First worn:  not yet
Cost:  $15     ($4 for the stencil, $3 for the fabric marker, $8 for the fan itself)

Sunday, May 4, 2014

HSF #8: UFOs (Un-Finished Objects)

I am still mired in my sewing slump.  This is week three and I tried to make myself do some sewing to see if that would kick start my passion again. No such luck, but I did manage to finish something for the UFO challenge.

This winter I'd gotten behind in the Victorian Undergarments class I was taking and chose to move on to the next project to (try to) keep up with the class, even though I hadn't completed the drawers project.  Two classes later, they were still unfinished (but halfway done) so I thought it would be a manageable challenge for unmotivated me. Still, I am three days late finishing this challenge. *wry chuckle*

The challenge:  #8  UFO

Fabric: some lovely cotton lawn from Dharma Trading Company.  It has a soft broken in feel, like a favorite nightgown after only one washing. Also some cotton eyelet and embroidered trim from my stash.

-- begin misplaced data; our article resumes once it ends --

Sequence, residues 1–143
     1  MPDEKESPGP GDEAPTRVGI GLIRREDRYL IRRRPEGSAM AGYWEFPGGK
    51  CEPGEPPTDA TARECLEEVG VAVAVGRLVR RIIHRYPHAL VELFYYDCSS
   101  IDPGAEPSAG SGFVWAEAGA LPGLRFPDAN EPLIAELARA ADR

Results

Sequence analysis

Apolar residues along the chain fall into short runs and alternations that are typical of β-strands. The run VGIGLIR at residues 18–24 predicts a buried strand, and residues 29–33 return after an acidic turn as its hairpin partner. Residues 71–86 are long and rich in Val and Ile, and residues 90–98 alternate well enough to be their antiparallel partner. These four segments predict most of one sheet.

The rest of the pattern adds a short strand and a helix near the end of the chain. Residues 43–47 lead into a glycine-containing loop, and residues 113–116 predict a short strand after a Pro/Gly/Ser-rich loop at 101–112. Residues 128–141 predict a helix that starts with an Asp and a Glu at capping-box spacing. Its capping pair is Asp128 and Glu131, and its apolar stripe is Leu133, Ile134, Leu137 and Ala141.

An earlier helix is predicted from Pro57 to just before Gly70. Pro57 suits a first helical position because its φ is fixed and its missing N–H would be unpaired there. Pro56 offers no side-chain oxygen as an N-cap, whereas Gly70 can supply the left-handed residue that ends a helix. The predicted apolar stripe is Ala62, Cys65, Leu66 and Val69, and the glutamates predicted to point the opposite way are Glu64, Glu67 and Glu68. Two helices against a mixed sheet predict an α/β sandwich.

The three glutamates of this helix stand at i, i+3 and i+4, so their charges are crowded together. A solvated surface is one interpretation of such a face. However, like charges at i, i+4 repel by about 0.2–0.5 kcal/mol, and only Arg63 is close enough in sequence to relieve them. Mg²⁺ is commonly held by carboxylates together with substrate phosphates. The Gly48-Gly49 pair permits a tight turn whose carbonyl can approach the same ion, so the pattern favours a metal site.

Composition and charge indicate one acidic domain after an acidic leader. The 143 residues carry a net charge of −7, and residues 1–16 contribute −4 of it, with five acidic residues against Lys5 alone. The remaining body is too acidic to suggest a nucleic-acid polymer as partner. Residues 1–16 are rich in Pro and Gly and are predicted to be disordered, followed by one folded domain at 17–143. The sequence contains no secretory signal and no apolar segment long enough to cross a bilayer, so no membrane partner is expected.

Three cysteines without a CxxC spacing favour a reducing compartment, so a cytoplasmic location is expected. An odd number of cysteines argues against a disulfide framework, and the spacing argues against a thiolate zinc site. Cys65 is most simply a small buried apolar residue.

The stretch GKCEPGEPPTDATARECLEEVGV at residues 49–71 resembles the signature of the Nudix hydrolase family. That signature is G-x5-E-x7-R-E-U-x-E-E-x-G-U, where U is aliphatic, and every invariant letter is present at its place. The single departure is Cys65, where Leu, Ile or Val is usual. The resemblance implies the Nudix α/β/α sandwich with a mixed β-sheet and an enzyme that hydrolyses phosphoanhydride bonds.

Pattern: Truly Victorian 102 Chemise and Drawers

Year: 1880s

Notions: thread, grosgrain ribbon, 2 plastic buttons

How historically accurate is it?  60%  Pattern is accurate, but its mostly machine sewn (including the buttonholes), the buttons were plastic and the grosgrain was poly.

Hours to complete:  hard to count since its a UFO

First worn:  Not yet, perhaps never.  The complete openness of this garment, while historically accurate, does not appeal to me.

Total cost:  maybe $20 for the fabric (originally) everything else was from stash